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Essential Questions: How is the study of genetics related to the characteristics of life? PowerPoint PPT Presentation

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Georgia Standards: SB2d. Explain the relationship between changes in DNA and the appearance of new traits. SB2c. Using Mendel’s Laws, explain the role of meiosis in reproductive variability. Essential Questions: How is the study of genetics related to the characteristics of life?

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Essential Questions: How is the study of genetics related to the characteristics of life?

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Georgia Standards:SB2d. Explain the relationship between changes in DNA and the appearance of new traits. SB2c. Using Mendel’s Laws, explain the role of meiosis in reproductive variability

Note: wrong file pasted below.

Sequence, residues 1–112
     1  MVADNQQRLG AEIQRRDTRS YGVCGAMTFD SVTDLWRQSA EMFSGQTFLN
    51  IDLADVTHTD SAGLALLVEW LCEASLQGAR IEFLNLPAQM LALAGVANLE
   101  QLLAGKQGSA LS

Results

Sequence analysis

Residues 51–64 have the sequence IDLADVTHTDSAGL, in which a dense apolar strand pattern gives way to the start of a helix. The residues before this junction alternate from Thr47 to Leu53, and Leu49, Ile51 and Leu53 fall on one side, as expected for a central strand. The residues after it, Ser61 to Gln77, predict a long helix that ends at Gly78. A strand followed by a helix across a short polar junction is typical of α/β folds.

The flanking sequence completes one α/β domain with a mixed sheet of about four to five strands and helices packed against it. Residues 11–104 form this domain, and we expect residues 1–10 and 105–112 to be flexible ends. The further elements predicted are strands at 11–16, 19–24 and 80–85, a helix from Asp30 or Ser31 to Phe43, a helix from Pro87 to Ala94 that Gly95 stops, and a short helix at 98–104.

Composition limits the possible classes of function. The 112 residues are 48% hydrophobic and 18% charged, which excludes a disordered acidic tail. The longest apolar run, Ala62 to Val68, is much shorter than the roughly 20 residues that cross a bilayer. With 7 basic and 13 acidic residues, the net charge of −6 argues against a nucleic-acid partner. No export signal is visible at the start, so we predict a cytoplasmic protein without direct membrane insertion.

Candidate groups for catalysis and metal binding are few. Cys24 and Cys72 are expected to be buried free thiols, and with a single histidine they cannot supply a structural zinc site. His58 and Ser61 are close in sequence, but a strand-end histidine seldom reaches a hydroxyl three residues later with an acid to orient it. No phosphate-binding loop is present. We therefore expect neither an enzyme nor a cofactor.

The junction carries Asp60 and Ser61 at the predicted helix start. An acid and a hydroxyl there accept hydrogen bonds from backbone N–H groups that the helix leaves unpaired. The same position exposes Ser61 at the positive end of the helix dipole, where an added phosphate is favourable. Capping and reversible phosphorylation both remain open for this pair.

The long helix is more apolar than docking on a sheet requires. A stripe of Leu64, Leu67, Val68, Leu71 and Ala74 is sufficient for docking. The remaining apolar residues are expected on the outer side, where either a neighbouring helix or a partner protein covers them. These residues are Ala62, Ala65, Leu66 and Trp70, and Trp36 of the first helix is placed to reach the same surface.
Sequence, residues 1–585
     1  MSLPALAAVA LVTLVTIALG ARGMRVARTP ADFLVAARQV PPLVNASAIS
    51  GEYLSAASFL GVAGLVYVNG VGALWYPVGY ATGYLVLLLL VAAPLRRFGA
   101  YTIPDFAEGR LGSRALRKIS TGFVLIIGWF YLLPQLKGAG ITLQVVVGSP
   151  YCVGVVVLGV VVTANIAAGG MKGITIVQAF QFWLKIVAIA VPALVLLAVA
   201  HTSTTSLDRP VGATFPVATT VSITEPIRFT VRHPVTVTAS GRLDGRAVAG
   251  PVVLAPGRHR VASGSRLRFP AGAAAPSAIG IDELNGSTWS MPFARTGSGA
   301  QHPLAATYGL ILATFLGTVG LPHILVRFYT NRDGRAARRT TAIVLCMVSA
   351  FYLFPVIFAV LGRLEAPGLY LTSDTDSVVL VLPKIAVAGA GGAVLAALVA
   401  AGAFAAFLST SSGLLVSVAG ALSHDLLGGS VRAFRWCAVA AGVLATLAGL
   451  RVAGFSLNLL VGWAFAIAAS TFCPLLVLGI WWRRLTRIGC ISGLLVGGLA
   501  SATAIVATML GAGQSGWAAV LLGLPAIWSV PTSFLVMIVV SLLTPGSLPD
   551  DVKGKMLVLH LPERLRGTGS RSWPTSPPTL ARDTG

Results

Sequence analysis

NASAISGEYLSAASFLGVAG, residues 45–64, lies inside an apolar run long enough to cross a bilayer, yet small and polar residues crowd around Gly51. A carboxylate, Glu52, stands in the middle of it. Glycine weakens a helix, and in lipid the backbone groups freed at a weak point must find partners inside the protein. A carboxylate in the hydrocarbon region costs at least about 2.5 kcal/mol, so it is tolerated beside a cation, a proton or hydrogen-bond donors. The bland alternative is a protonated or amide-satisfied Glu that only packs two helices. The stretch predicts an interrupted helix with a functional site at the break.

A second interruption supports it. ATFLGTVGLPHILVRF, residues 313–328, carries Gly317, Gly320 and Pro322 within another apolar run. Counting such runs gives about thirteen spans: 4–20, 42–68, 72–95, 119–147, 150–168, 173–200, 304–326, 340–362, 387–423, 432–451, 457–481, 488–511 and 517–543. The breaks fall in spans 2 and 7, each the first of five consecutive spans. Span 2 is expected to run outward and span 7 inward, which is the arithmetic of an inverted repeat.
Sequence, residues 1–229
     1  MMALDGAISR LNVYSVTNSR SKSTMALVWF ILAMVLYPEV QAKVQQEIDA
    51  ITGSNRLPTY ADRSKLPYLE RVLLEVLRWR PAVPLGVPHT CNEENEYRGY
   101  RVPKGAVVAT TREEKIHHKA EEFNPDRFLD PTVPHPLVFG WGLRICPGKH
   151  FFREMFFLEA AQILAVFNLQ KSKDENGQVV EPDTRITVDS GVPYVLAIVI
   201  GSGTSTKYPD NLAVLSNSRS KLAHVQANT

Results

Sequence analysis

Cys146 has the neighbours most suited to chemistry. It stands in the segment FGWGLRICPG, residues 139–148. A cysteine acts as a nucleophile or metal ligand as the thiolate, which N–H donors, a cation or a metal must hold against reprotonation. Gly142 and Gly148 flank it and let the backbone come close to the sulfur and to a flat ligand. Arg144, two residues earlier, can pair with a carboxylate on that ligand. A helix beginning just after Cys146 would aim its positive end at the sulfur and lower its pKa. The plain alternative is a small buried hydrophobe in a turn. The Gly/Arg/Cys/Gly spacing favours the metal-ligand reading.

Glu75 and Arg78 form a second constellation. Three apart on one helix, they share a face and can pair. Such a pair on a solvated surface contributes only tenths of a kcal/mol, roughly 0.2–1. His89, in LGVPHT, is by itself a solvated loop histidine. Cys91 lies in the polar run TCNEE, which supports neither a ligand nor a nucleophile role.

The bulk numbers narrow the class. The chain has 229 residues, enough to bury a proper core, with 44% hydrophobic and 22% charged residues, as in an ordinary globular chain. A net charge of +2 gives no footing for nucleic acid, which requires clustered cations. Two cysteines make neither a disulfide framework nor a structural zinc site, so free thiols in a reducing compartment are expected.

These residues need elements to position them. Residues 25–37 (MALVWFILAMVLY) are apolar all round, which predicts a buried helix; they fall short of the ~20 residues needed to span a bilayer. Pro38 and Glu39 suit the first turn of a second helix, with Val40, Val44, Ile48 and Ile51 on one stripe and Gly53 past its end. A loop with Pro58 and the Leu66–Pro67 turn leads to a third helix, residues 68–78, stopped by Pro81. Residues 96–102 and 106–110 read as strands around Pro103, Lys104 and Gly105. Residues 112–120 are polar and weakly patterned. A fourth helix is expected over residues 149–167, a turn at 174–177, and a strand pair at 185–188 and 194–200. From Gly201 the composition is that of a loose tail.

Essential Questions:

How is the study of genetics related to the characteristics of life?

How do you predict the probability of various genotypes inherited and the expressed phenotypes?

How does meiosis generate variation in offspring?


  • What is Genetics?

  • What do you think of when you hear the word genetics????

11-1 Warm-up: Analyzing Inheritance

Section 11-1

  • Offspring resemble their parents.

  • Offspring inherit genes for characteristics from their parents.

  • To learn about inheritance, scientists have experimented with breeding various plants and animals.

  • In each experiment shown in the table on the next slide, two pea plants with different characteristics were bred. Then, the offspring produced were bred to produce a second generation of offspring. Consider the data and answer the questions that follow.

Go to Section:

Parents (P)

Long stems  short stems

Red flowers  white flowers

Green pods  yellow pods

Round seeds  wrinkled seeds

Yellow seeds  green seeds

First Generation (F1)

All long

All red

All green

All round

All yellow

Second Generation (F2)

787 long: 277 short

705 red: 224 white

428 green: 152 yellow

5474 round: 1850 wrinkled

6022 yellow: 2001 green

11-1 Warm-up: Analyzing Inheritance

1. In the first generation of each experiment, how do the characteristics of the offspring compare to the parents’ characteristics?

2. How do the characteristics of the second generation compare to the characteristics of the first generation?

Go to Section: